Samantha Merwin hoped to put money away in a college fund for her 13-year-old son, Logan.
But instead, any savings have gone into a health account that’s intended for Logan to use in his young adult years as he manages Type 1 diabetes, a lifelong chronic disease.
“We fear regularly that he may not have access to insurance during and after his college years if the laws change,” Merwin said. “If he does, is he going to be able to afford his cost share? Will he have access to medical care, to be able to get his prescription for insulin?”
The Merwins, who live in Haddam, were among diabetes advocates who spoke Thursday in Hartford as lawmakers unveiled legislation that seeks to make diabetes treatment and care more affordable to Connecticut residents.
The legislation comes at a time when the cost of insulin, an essential medication for people with Type 1 diabetes, has skyrocketed nationwide.
National reports show that insulin prices have doubled in recent years. A 2019 report from the Health Care Cost Institute, a nonprofit research organization, found that the average amount a patient spent in a year on insulin jumped from $2,864 to $5,705 in a four-year period.
Advocates said the high prices have put the medication out of reach for many -- some people have died while rationing supplies of insulin. Others, like Tom Dykas of Groton, have come close. He had trouble getting a refill of insulin over the holidays, which led to diabetic ketoacidosis, a condition that can lead to death.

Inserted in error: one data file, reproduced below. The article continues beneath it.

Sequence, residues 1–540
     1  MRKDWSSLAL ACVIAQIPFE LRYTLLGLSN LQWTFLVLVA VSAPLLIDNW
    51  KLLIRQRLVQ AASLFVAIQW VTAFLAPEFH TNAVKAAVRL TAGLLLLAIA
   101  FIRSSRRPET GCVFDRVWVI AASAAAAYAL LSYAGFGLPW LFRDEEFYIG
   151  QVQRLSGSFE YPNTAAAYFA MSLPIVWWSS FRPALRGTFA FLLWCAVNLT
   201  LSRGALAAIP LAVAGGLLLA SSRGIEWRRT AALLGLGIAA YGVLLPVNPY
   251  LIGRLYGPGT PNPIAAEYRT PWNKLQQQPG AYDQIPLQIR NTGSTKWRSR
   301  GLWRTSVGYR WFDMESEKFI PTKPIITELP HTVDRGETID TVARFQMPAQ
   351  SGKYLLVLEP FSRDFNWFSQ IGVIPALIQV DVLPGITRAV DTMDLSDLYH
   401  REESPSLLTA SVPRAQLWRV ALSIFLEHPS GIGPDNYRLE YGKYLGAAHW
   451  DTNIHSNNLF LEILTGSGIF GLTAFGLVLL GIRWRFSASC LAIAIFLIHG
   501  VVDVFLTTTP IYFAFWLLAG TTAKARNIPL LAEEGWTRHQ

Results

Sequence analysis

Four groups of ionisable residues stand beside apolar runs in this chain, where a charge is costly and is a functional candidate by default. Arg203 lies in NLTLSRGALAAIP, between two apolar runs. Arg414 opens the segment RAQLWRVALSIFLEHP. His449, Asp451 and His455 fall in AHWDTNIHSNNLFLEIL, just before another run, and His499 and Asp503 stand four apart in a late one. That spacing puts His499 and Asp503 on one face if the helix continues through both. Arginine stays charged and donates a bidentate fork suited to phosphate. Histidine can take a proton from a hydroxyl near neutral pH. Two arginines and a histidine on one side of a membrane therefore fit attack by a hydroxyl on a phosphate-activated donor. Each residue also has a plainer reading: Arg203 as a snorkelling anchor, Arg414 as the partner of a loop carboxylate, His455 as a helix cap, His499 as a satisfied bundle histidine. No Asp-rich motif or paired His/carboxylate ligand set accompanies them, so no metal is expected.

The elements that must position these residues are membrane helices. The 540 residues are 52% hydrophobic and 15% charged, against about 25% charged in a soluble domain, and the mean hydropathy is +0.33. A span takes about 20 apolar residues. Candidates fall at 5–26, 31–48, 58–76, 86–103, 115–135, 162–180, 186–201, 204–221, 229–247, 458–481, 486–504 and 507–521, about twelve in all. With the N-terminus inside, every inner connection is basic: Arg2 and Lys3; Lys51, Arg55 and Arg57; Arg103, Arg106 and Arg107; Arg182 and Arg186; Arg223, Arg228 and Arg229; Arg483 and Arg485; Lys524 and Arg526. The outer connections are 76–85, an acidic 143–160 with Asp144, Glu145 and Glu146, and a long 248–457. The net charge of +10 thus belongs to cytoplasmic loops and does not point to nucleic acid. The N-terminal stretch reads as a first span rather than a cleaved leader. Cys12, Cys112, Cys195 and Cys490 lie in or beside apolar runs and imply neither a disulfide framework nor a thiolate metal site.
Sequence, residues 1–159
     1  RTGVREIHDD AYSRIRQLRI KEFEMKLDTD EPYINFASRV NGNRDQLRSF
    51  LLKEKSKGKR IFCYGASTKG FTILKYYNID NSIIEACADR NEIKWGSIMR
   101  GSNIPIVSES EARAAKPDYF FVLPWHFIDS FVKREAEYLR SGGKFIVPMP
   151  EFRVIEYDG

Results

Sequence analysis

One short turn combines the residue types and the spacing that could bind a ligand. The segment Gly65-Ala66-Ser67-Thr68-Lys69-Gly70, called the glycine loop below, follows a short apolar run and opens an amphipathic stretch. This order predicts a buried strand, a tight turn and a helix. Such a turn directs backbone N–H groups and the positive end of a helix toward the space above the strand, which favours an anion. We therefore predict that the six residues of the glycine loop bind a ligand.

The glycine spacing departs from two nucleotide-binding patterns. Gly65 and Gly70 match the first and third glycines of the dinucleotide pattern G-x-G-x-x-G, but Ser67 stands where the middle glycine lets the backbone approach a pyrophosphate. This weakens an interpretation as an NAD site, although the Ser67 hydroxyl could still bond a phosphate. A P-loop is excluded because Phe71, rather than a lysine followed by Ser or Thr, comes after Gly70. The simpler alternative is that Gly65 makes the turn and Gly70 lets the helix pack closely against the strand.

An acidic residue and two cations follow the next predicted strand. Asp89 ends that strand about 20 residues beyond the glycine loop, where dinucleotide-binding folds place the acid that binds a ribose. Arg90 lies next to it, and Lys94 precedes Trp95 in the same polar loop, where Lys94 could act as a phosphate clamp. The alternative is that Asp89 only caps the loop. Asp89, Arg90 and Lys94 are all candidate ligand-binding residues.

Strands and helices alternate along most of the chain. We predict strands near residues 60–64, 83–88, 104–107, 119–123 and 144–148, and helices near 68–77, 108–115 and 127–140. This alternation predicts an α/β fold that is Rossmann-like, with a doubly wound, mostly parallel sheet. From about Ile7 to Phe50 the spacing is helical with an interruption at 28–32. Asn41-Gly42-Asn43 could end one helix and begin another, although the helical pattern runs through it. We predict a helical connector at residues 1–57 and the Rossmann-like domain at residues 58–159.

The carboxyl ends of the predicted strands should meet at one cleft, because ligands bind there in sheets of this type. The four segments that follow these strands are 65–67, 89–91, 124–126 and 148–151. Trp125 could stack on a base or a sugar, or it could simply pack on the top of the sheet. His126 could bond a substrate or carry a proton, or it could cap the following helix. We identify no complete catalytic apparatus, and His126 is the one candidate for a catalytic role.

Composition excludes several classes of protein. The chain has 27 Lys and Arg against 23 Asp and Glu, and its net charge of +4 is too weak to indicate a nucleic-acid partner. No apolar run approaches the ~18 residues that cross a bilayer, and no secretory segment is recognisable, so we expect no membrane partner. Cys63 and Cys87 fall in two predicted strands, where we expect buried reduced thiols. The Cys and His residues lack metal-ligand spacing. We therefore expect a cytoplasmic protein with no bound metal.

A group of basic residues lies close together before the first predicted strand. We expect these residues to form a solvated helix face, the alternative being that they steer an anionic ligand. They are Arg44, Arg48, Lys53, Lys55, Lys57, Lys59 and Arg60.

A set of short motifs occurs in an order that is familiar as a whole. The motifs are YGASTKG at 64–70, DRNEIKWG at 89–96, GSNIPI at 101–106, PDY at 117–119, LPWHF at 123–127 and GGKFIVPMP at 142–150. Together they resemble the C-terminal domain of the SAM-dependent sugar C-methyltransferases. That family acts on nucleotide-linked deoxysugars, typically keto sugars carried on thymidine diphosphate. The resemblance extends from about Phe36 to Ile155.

“I somehow made it to the emergency room just in time,” he said. “I was one of the lucky ones, but there are way too many out there that have died trying to solve the issues around obtaining their insulin.”
The bipartisan state legislation would cap the out-of-pocket cost to patients at $50 for a month’s supply of insulin. It would also limit the costs for other diabetes treatment supplies like glucose monitors, syringes and test strips to $100 a month.
“It shouldn’t be unreachable for a parent to be able to afford to provide a continuous glucose monitor of insulin for their child, and it shouldn’t be a mortgage payment to pick up three months of insulin,” Merwin said.
The Connecticut legislation was modeled after similar bills passed in Colorado and Illinois.
The proposed protections, however, are limited under state insurance law -- the caps and other provisions in the bill would apply to state-regulated insurance plans, but not to other types of private employer-sponsored plans, which provide insurance to a large percentage of Connecticut’s residents.
However, some large insurance companies have voluntarily limited out-of-pocket costs for insulin medication. Cigna last year announced that eligible members with diabetes would pay no more than $25 for a 30-day supply of insulin.
The legislation also seeks to expand the state’s emergency refill law by allowing patients to get an emergency supply of insulin from a pharmacist without a prescription up to three times a year.
Dykas, a member of the advocacy organization Connecticut #Insulin4All, said this would have helped him when a pharmacist couldn’t get an immediate refill order for insulin from his doctor over the holidays.
The state also plans to create a fund that would help Type 1 diabetics who need insulin but can’t afford it.
Sen. Kevin Kelly said all of this will help people overcome barriers to care and treatment -- especially accessibility and affordability issues.
“There are cost impediments to people getting access to the care that they need that have a severe and significant impact on their health,” he said, “not only from a human perspective and from a life-threatening perspective, but also the resulting health care costs incurred by an individual who goes without insulin that hurt the entire system.”
A public hearing on the bill is scheduled for Feb. 25.